Now is not the time for me to gripe about who wasn’t nominated. I’ll borrow a line from Neil Patrick Harris from last night’s monologue, “Wasn’t soon enough?” But now is a fine time to gripe about the strange pacing, the arbitrary musical numbers, the shameless promotions and the awkward memorials for this year’s deceased. Oh, and I am definitely going to gripe about the winners (well, some of them).
It seemed that almost all the speeches were played off by the orchestra, yet we had plenty of time to hear Carrie Underwood sing out-of-key and anachronistically, the Beatles’ 1965 hit Yesterday. This was just weird, and seemed completely out-of-place at an awards geared toward TV. We could have done away with that to make room for some actual clips of the shows; especially for those we were honoring after they passed? While it was riveting to see Edie Falco say the same thing she said after his death, it would have been much more respectful to see James Gandolfini in the role we loved him for, Tony Soprano.
I’ll disclaim this entire post with the confession that I thought Breaking Bad should have won… for everything… in every category… even the ones it wasn’t nominated for. Aaron Paul and Bryan Cranston were robbed in their respective categories, hands down. I don’t think I am the only one shocked at Jeff Daniels taking home the Lead Actor award (but at least his breath was fresh). Don’t get me wrong, Newsroom is quality programming, but it is still finding its legs and its voice. Its female characters were still so wobbly at the start of season two, I was thinking lasts rites were in the near future. Bobby Canavale was an upset as well. He has chops, no doubt about it, but Boardwalk Empire is about as relevant right now as that joke NPH made about Paula Deen. Are people still watching that show? And if they are, are they watching it for Bobby Canvale?
The first third of the show was that of hope for me as a TV viewer. Julia Louis-Dryfus won for Lead Actress in a Comedy. Historically, she is the only actress to do so for three different shows (Seinfeld, The New Adventures of Old Christine, and now Veep). They got it right with Tony Hale for Supporting Actor as well. I think they proved themselves well enough with that purse-holding bit. Merritt Wever deserved her gold for her role as Zoe on Nurse Jackie. She was the hit of the night with the short, non-speech speech. Look for it on YouTube. Its delightful. Well done, Emmys.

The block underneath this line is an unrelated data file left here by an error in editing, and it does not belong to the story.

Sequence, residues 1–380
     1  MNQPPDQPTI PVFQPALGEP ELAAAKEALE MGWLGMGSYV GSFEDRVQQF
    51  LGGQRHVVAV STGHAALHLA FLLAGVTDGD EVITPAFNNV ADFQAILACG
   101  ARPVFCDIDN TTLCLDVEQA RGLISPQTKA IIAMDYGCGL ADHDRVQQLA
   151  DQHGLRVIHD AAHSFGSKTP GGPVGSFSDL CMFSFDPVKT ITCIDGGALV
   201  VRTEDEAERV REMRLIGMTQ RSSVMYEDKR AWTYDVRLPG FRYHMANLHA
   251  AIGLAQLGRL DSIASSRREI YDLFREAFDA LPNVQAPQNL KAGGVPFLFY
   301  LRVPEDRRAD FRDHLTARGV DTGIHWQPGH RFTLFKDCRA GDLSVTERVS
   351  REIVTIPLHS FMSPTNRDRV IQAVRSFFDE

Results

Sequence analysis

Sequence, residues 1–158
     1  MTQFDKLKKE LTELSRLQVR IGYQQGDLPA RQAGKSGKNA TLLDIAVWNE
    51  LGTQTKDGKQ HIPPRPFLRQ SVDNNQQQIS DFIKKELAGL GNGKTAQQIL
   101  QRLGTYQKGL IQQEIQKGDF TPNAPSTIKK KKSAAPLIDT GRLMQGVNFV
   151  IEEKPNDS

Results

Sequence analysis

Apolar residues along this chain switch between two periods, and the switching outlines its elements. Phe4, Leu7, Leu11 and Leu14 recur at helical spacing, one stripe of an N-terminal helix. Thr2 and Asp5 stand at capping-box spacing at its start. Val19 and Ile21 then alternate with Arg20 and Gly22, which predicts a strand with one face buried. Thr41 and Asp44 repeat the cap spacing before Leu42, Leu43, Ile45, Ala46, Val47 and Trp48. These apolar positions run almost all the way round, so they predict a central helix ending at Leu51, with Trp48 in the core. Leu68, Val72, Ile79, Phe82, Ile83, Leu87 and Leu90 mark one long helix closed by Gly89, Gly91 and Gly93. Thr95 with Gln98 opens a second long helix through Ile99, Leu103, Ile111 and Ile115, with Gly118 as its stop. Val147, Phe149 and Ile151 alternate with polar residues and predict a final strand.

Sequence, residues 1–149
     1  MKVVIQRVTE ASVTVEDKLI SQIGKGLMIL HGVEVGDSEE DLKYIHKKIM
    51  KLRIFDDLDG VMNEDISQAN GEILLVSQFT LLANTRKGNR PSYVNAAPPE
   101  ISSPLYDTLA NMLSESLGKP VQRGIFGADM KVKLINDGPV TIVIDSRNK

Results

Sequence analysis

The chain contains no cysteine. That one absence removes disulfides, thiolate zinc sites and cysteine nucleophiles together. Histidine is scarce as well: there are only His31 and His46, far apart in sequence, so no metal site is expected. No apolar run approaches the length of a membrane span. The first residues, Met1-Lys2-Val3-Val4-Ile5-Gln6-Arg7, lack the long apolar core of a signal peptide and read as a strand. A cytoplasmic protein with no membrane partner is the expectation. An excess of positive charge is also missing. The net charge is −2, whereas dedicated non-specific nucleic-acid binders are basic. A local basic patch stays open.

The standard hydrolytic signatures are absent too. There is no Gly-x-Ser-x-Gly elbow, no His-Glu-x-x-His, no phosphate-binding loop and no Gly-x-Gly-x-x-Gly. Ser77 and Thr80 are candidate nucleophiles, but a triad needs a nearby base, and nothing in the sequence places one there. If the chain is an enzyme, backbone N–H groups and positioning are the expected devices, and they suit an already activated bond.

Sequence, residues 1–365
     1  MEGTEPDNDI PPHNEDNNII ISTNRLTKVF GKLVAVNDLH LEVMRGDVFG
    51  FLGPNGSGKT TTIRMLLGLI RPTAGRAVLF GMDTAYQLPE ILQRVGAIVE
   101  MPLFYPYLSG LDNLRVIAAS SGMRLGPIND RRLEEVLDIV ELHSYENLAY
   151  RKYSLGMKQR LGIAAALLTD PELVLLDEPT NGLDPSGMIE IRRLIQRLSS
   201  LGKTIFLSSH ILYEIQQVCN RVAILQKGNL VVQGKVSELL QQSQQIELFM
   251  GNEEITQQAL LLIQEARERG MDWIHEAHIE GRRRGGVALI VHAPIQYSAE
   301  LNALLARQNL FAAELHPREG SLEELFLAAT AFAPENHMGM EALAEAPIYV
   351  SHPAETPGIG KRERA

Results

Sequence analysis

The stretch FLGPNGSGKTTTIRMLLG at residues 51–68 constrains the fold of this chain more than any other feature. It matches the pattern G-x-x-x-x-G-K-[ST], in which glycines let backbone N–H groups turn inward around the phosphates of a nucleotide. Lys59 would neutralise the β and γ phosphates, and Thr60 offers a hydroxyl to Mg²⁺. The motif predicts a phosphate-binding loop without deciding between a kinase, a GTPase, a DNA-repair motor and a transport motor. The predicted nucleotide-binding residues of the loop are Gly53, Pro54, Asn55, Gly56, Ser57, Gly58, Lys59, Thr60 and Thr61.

But things quickly went awry for me, as Modern Family began to pick up steam. The Emmy voters know there ARE other shows on TV, that are funny and smart, right? You don’t HAVE to pick Modern Family every single year. The award for Best Comedy Series should have went to Girls, or 30 Rock, or Louie CK… or anybody else. There is more humor and wit in the nominees that WEREN’T called than in one half-hour episode of Modern Family. Along those lines, the directing prize should have went to Lena Dunham, no questions asked.That show is so thoughtfully wrought, so immaculate in its execution, that even the weird and awkward bits are poignant and delicate and deserve to be called out. Don’t send me angry tweets, I like Modern Family just fine, I am just suggesting we take a look at other shows… they deserve it.
Moving from one favorite to another, let’s talk about Homeland. I get it that show is stunning and unbelievable, blah blah blah. But come on, Emmy community. You’re going to overlook Vera Farmiga for Bates Motel and Kerry Washington for Scandal? Snubbing Scandal alone is committing high Hollywood heresy. Folks love that show; so much so that I am a little afraid to admit I don’t watch it (again, please don’t send me angry tweets. I know I should be watching!).
But I guess they can’t get it right, every single time. They did it right by giving the Best Writing for a Comedy to 30 Rock. I think everyone can agree that show is exquisite, even posthumously. I do have to give it to the Emmy voters for giving House of Cards the Best Directing award (even though Breaking Bad should have won) since it airs on a nontraditional format. This leaves the door wide open for Orange is the New Black to rack up at next year’s awards (hint hint).
Overall, the show surprised the hell out of me one minute, and bored me to death the next. Sarah Silverman dancing with Nathan Fillion was somewhere in the middle, but the choreographers tribute to the noms for best drama took my breath away, even though it hasn’t gotten much support elsewhere. If the Emmy producers want my two-cents (which, why wouldn’t they, right?) they would do better to design a show that is for people who actually watch TV, who appreciate the shows, and have a reverence for the act of participating with a show every week. Last’s night broadcast didn’t honor those people at all, and its a sad, sad story when you can’t even enjoy the Emmys.